I decided to use mortise and tenon joints to hold the whole thing together, so planned on where I wanted to put all the mortises.
I wanted the bottom to be slightly raised from the bottom of sides and the door to be placed slightly behind the front edges of the sides, so marked the mortises and cut the bottom board to size.
As you may have noticed I used plywood for the base. I thought that this wasn't going to be seen much anyway and I'd had enough of making boards out of off cuts by that time!!
Step 7: Cutting the Joints
So I started with the mortises on the end panels first on the router table, cutting incremental deep until around half the thickness. the length of the mortise was shorter than the top and bottom panels as I was using a hidden mortise and tenon joint - I find you need to be less accurate for this method which just makes things a little easier.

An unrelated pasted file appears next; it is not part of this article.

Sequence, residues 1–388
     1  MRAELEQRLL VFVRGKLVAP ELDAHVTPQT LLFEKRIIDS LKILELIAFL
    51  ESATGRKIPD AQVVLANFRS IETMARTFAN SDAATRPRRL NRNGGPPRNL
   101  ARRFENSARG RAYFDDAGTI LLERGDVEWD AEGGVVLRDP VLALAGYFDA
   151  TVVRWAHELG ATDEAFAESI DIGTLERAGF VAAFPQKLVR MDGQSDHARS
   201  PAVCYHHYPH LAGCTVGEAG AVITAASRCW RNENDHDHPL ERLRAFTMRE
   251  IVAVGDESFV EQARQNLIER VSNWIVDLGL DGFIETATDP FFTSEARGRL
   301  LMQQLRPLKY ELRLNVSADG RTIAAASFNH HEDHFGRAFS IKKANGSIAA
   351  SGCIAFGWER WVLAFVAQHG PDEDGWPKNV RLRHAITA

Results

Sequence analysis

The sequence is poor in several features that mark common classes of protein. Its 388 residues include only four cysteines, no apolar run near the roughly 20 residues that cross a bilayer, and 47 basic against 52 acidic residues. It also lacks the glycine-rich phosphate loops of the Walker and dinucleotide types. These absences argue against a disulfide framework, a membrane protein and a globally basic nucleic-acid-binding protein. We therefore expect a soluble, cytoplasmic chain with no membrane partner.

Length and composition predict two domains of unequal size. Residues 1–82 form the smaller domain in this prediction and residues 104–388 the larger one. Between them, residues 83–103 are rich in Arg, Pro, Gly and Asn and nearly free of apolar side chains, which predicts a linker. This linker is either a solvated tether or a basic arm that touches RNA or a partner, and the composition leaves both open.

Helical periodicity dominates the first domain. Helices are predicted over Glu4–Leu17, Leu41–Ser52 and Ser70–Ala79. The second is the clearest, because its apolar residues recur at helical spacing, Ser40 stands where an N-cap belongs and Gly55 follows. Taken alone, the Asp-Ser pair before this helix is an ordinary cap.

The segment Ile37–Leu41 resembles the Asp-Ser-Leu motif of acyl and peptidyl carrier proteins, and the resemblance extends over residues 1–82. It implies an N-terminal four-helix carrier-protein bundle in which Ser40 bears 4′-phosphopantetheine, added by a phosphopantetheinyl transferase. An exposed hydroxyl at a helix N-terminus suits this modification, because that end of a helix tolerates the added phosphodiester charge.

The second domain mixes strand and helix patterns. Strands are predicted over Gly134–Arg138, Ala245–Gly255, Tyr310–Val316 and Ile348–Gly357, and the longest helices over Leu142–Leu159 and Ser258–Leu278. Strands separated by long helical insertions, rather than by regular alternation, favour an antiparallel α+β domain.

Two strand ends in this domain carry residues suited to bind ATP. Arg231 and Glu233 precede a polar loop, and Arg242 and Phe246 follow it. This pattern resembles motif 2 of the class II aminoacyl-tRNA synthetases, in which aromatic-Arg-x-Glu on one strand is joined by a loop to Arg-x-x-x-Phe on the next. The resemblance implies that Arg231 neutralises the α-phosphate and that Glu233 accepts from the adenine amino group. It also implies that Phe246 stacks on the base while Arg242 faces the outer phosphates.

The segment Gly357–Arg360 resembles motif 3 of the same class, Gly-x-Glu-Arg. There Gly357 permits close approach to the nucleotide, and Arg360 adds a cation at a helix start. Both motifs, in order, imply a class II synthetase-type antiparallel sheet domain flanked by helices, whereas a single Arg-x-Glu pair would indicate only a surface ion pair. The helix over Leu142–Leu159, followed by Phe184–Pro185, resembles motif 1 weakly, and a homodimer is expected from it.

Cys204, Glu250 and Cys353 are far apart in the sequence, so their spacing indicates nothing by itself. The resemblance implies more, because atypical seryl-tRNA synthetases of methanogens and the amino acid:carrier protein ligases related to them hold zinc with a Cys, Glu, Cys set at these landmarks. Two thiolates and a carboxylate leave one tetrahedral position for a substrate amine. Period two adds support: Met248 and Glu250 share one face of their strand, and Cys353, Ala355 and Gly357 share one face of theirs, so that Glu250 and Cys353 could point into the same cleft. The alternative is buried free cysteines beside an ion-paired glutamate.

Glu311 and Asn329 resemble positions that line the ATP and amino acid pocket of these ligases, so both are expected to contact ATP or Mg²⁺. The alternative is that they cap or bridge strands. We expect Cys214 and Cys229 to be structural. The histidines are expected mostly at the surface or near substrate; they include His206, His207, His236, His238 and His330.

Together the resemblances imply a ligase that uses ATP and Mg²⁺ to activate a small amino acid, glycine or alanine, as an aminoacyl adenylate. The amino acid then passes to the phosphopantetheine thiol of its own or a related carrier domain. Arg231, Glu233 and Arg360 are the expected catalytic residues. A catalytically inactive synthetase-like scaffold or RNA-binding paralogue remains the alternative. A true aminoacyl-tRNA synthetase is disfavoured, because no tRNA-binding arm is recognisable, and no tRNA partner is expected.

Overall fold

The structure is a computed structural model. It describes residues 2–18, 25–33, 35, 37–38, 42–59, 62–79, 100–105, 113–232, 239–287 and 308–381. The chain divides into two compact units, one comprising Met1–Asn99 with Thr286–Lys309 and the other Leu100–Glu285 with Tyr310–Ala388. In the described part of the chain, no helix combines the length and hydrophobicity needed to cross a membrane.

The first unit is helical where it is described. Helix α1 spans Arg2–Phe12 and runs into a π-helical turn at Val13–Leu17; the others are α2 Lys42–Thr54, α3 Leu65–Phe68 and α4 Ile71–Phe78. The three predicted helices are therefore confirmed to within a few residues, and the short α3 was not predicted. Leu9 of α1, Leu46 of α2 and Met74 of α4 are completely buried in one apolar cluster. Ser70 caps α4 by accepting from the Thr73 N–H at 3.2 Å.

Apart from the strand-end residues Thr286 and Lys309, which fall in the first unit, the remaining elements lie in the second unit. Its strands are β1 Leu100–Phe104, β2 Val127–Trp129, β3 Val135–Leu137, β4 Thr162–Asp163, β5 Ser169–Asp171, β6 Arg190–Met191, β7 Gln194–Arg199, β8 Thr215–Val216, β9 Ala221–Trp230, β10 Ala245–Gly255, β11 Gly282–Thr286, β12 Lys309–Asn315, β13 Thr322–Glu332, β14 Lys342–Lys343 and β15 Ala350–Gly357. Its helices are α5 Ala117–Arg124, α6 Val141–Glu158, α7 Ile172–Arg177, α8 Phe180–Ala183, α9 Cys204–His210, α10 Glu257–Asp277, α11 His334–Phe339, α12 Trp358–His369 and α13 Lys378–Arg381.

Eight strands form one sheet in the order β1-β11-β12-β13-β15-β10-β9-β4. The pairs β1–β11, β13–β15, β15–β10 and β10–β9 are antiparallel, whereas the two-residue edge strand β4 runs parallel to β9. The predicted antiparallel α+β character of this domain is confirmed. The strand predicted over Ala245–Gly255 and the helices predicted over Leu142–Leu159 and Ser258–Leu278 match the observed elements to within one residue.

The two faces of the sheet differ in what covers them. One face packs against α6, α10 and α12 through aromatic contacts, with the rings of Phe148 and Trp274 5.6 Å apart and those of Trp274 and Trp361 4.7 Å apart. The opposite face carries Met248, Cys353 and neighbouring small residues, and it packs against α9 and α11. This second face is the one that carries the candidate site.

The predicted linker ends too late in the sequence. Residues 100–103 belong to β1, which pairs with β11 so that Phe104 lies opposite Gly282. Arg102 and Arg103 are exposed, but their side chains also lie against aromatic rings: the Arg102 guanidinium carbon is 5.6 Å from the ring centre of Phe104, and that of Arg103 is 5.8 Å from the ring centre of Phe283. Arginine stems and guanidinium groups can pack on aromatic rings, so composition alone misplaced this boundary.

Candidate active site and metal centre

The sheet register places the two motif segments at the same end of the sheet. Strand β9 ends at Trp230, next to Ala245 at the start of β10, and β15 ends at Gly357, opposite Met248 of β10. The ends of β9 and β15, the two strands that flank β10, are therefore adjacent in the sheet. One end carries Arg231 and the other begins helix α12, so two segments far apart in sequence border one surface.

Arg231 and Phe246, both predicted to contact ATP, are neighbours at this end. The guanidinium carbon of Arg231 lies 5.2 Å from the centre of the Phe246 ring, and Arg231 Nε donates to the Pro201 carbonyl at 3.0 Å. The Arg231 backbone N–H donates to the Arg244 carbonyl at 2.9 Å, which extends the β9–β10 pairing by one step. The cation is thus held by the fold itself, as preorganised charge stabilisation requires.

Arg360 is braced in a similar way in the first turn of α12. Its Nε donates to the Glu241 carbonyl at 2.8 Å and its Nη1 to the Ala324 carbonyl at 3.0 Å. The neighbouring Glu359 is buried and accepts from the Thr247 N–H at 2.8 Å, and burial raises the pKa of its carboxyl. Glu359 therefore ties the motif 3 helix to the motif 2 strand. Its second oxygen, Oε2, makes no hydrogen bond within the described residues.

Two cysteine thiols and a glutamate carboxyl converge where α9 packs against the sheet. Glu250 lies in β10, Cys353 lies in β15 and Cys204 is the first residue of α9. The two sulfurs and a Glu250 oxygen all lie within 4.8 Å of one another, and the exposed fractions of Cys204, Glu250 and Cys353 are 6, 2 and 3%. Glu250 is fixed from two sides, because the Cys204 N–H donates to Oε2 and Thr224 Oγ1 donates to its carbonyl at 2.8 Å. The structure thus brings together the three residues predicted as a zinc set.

The tenons were then cut to the bottom board. When cutting these joints just increase the cut depth slowly and keep checking the fit until they fit nice and snug.
While I was doing this the top board was being made. As this was a wide board I made this in two sections and glued these bit together to make it wide, while keeping it flat. This board was all prepared I cut the joints as I did for the bottom board.
Once all the joints were cut I sawed the ends of the tenons off to get them to the same width as the mortise.
As the bottom board was plywood I decided to add some thin off cuts along the cut front edge to keep it similar to the rest of the bread bin. I just glued and 'clamped' them in place with tape.
Step 8: Preparing the Door